Category Archives: Technology

Be Careful on the Stairs

Three weeks ago I missed a step going downstairs. There was a terrifying crunch from my left foot and within no time I was lying on the basement floor in shock, spewing curses and hoping the pain wouldn’t get worse. I can walk now, but my foot still aches. I stubbornly refused to get an X-ray, confident that my bones don’t break that easily. I’ve only ever broken one bone, a cracked finger due to a hockey mishap. Don’t ask. But a sprained foot is bad enough. It is amazingly difficult to get around with the use of one leg, I have learned.

I blame the poor design of the stairs in my house for the accident. Of course it wasn’t MY fault! It was the ARCHITECT’S fault. These stairs are built thus: the rise is 7 1/2″, the run is 10″, with a 1″ nosing in addition. The nosing is fine for going up, as it allows for an effective tread of 11″. Going down however, which I am 110% certain is the operating direction of most stair accidents, the tread is still 10″ long. Now look at your feet. How long are they? Mine are longer than that. This means that when descending stairs my toes generally hang out beyond the tread nosing. If you overstep a little too much, as I did, it’s very easy to miss the step entirely, and then WHAM!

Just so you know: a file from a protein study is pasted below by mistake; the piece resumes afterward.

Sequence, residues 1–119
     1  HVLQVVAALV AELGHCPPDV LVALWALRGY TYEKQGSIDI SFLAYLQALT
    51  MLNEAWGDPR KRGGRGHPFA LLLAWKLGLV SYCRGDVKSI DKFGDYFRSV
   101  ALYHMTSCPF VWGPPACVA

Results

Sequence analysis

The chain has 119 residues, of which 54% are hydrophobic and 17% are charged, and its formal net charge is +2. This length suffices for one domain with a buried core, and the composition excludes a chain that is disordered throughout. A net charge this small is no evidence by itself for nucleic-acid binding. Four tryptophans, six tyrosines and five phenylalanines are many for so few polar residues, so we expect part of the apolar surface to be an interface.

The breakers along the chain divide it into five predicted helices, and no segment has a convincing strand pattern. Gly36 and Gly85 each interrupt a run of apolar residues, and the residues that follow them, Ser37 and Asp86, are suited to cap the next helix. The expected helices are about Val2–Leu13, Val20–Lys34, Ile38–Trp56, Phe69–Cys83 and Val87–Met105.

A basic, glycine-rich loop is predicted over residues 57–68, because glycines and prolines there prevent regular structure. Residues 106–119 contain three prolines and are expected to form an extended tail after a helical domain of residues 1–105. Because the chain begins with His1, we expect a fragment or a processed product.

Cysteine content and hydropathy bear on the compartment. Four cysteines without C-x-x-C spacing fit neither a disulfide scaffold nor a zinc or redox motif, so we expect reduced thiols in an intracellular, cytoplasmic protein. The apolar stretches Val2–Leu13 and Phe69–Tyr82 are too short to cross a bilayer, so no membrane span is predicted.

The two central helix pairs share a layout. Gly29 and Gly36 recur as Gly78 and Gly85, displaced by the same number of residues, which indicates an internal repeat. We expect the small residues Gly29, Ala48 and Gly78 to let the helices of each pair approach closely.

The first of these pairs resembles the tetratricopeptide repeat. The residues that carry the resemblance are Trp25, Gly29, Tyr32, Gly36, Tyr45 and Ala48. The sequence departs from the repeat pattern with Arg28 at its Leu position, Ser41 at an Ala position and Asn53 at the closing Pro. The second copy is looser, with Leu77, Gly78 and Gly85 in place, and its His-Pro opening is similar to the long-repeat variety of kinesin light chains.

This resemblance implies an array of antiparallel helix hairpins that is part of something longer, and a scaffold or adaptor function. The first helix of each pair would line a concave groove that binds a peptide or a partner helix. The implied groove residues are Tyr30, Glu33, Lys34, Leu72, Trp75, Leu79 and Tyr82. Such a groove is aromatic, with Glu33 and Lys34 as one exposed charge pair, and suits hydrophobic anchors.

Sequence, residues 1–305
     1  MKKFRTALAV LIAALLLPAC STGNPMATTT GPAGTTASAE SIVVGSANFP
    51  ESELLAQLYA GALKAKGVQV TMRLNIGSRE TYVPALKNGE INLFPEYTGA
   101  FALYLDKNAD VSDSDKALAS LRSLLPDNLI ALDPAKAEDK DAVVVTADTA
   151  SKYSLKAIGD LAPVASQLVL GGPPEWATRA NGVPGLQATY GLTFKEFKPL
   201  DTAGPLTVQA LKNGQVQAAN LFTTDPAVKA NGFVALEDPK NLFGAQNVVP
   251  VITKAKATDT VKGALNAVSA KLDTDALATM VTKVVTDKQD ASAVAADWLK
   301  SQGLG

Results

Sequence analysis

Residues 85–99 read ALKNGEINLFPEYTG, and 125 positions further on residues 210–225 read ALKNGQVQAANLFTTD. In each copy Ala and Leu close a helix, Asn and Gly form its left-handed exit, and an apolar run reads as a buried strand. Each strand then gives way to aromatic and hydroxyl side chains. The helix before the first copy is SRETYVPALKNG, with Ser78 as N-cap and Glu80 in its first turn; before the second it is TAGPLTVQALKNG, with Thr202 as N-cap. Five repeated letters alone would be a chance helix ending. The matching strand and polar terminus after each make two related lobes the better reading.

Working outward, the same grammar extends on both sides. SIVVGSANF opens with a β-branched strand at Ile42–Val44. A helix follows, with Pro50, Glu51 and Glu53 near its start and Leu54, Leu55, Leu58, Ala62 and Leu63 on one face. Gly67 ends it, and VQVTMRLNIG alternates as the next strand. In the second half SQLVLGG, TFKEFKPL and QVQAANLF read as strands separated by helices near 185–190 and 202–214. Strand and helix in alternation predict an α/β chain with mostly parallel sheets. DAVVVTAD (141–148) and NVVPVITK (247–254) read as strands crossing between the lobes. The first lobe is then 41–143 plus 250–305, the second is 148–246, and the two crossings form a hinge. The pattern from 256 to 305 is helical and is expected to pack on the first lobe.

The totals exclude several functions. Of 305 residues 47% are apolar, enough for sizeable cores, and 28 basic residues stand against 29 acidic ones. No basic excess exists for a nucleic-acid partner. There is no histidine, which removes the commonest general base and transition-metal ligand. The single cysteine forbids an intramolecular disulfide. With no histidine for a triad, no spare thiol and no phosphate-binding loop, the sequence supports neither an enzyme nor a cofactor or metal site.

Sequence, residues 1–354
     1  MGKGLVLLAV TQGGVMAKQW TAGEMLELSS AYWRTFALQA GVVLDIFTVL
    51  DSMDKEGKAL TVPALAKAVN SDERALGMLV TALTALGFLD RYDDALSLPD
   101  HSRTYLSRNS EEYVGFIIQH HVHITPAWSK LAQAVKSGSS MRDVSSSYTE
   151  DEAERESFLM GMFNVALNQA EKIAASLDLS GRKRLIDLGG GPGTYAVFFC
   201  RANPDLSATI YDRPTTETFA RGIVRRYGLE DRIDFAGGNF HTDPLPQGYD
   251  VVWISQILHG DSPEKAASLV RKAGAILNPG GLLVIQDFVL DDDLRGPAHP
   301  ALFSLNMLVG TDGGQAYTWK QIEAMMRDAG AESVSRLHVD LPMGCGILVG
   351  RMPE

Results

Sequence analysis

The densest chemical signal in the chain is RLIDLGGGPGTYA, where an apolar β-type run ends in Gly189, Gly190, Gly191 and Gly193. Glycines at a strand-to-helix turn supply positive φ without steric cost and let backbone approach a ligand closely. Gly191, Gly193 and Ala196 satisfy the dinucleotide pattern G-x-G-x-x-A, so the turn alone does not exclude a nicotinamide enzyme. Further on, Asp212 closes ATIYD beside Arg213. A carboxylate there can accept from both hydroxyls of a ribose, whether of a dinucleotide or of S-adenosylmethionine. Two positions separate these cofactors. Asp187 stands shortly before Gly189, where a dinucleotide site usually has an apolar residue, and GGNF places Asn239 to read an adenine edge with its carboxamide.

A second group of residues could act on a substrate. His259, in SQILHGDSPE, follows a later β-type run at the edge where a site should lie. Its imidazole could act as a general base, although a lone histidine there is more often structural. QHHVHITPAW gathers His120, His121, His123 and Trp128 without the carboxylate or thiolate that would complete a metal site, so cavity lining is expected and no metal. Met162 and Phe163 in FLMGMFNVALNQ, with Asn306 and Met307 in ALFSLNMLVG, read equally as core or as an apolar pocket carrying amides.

In architecture we had manuals giving standards for things, like chairs, tables, closets, doors,ramps, stairs and a thousand others. The old rule for stairs was 2R+T=25″. That meant 2 times the rise plus the tread length should equal 25″. The stairs here conform to that old saw, i.e. 2 (7.5) + 10 = 25. I am living proof that rule is not good enough! I always thought it wasn’t, to which end in my working life I have endeavored to make stairs less steep than that formula allows. I have measured and observed lots of stairs, and here’s my conclusion: ideal stairs should have a 12″ tread, with 6″ rise. Per the formula: 2(6) + 12 = 24. I have measured and tested many stairs as I said, and I can confirm that 6 x 12 is both comfortable and very safe. You can practically run down stairs of that slope, but don’t try it. Note the slope difference here: 6×12 is 50%, while 7.5×10 is 75%. Both conform to the old rule but within that rule you have the possibility of slope variance factor of 1-1/2. When descending stairs you should: 1. hold onto the handrail, and 2. watch your step. I was doing neither when I fell, as I was carrying a ladder using both arms, and couldn’t see my feet. It will be a long time before I make that mistake again.